Today is one of those days when I feel tempted to throw the towel in and walk away from my role as Care Partner to my wife. The ‘last straw’ is realising that our Care Agency are not Dementia Friendly: in fact I’m coming to the conclusion that they don’t understand the condition at all.
I’ve spent this morning, once again, trying to paper over the cracks in their set up. The new Care Plan is now in situ as I have collected it from their offices. However, when I’m told that new carers are expected to familiarise themselves with it on arrival I begin to get worried. Then when I establish that they are quite happy to saddle us with a carer on Friday who was counterproductive on her last visit I begin to despair.
The new Agency continues to claim they have teething problems since their takeover from the previous incumbent. From what I’ve seen and heard they need root canal treatment. There is trouble in the camp from their staff making complaints within earshot that their leave requests are not being sanctioned. I’m already aware of bad feeling from the imposition of the new contract with a reduction in enhanced rates for week-end working.
When I arrive home I watch the excellent Gail in action allowing Maureen to put out the washing unaided: it takes her half an hour. Chloe will be back on Monday and Maureen won’t allow anyone else but her ‘hairdresser’ to help her in the shower. That is on good days. It has been about a month now since Maureen felt warm water all over her body: despite Chloe’s attempts to coax her into the cubicle on every visit.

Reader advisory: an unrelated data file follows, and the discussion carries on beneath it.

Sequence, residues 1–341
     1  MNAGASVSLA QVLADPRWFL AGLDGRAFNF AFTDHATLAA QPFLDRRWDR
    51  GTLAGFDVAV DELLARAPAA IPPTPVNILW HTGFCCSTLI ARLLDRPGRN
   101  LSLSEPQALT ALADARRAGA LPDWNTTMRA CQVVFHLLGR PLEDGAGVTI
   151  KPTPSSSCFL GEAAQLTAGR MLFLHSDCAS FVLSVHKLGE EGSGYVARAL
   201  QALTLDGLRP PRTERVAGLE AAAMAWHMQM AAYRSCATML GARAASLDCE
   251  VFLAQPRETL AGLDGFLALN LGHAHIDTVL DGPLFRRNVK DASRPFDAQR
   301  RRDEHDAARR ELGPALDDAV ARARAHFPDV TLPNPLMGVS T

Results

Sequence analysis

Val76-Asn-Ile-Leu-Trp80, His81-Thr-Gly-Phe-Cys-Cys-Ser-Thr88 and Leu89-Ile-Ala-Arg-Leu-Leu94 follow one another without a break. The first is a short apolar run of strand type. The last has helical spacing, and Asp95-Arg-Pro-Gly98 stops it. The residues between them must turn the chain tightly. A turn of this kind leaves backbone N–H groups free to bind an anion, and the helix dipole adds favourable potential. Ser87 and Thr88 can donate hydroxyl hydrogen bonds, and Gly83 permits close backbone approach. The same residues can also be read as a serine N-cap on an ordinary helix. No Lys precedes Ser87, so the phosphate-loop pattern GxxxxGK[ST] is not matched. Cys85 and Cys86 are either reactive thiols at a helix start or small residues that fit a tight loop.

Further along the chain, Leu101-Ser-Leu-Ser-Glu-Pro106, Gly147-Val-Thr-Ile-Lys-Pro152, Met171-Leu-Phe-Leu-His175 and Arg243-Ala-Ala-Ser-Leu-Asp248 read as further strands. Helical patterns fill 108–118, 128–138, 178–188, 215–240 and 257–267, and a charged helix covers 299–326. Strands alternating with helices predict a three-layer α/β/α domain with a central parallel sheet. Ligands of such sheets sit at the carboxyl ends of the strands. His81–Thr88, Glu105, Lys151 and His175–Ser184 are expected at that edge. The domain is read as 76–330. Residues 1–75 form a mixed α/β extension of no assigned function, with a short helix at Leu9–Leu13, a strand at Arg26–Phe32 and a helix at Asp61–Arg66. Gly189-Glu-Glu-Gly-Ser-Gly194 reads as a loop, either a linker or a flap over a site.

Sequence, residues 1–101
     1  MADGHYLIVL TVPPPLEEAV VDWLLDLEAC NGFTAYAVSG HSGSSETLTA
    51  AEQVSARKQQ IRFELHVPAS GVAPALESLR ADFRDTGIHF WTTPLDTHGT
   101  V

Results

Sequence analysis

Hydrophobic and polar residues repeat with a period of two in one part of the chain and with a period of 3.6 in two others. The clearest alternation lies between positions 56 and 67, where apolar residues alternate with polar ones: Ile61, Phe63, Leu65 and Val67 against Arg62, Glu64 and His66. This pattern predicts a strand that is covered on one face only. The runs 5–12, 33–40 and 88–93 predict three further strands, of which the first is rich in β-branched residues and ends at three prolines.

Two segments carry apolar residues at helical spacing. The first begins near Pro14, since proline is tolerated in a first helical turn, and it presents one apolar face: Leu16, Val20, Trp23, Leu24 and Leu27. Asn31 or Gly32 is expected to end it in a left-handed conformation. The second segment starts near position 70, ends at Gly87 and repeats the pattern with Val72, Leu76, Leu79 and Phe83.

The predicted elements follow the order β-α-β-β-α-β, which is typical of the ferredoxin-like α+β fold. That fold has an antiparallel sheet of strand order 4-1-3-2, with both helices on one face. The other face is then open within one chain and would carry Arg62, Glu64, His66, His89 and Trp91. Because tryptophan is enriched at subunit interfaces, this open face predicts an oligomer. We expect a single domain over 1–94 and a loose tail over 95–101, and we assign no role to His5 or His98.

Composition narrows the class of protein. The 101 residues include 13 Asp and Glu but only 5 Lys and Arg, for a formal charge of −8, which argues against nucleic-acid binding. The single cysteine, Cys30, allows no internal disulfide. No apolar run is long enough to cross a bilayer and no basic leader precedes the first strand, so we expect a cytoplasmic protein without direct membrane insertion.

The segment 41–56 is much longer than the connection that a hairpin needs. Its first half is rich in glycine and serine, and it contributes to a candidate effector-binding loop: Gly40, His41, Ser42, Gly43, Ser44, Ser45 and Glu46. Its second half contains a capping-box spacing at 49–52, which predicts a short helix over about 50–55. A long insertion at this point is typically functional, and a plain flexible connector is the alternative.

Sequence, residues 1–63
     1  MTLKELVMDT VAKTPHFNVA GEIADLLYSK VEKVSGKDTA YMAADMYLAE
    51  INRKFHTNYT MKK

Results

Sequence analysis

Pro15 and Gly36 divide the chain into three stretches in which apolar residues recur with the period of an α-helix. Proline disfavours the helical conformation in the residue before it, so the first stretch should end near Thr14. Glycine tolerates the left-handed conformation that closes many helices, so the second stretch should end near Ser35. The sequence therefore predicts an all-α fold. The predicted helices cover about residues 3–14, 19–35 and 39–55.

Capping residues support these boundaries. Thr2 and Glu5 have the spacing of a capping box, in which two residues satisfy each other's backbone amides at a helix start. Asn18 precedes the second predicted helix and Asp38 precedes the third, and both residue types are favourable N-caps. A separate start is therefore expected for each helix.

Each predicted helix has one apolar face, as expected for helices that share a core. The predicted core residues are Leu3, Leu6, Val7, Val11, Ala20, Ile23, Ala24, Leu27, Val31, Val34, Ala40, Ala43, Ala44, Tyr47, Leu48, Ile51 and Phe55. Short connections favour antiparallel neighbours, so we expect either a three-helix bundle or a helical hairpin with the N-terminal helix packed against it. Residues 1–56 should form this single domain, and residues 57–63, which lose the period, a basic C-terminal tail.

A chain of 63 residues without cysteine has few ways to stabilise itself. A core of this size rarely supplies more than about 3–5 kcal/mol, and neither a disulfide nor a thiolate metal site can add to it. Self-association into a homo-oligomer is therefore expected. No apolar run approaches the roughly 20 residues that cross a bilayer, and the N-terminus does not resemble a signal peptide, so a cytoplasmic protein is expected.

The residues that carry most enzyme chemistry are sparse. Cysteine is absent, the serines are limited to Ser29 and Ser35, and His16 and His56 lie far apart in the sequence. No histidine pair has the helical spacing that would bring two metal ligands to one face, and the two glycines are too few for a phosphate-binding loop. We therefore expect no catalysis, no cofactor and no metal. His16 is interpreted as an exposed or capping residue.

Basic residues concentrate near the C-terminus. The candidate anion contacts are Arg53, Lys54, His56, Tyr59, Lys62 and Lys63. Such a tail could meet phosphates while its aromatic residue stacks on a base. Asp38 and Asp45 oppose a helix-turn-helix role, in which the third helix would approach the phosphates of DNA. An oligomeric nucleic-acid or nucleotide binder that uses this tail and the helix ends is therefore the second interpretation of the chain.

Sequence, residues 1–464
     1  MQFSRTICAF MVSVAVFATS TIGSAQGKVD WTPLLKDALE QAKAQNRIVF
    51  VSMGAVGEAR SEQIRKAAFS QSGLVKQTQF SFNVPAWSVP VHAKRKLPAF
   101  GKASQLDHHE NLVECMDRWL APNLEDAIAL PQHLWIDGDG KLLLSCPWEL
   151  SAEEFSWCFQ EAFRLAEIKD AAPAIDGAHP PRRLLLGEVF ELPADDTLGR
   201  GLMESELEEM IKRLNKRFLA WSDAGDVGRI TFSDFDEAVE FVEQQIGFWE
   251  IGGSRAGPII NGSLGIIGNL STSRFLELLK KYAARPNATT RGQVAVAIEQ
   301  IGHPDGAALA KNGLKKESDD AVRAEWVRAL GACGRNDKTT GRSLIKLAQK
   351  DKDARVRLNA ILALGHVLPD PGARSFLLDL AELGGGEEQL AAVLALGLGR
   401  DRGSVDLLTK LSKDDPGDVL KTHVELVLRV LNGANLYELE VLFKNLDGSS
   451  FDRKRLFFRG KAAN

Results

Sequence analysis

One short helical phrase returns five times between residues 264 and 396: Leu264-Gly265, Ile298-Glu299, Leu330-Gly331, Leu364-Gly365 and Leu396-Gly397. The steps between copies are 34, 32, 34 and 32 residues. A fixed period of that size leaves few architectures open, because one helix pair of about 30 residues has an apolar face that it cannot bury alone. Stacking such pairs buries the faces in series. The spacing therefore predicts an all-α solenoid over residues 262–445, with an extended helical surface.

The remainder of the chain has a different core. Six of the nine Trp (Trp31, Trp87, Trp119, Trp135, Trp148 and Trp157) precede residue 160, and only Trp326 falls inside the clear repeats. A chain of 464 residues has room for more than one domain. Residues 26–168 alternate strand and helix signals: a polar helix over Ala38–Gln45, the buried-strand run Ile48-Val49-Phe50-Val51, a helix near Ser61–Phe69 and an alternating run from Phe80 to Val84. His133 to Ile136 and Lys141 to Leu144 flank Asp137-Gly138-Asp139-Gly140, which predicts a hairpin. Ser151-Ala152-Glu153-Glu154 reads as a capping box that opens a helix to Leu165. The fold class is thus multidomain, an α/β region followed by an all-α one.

There are suggestions that the Care Sector is on the verge of collapse as it tries to implement the Living Wage. I know that feeling: carers can’t get their leave sanctioned – I wish there was even a process for me to put in an application for a decent break.
The dedication of Chloe and Gail never continues to amaze me. They are treated poorly in an industry that is on the verge of collapse. It is possible that their employer is being pushed over the cliff by a Local Authority wrestling with the demands of diminishing resources. I feel ready to throw the towel in: trying to continually sort out dysfunctional organisation is exhausting.
It is fortunate that my meeting with our G P and my Admiral Nurse is less than 48 hours way. Unless the involvement of the Home Treatment Team is on the horizon and leads to some postive changes in the support we receive the only towel that needs to be used here won’t be Maureen’s bath towel.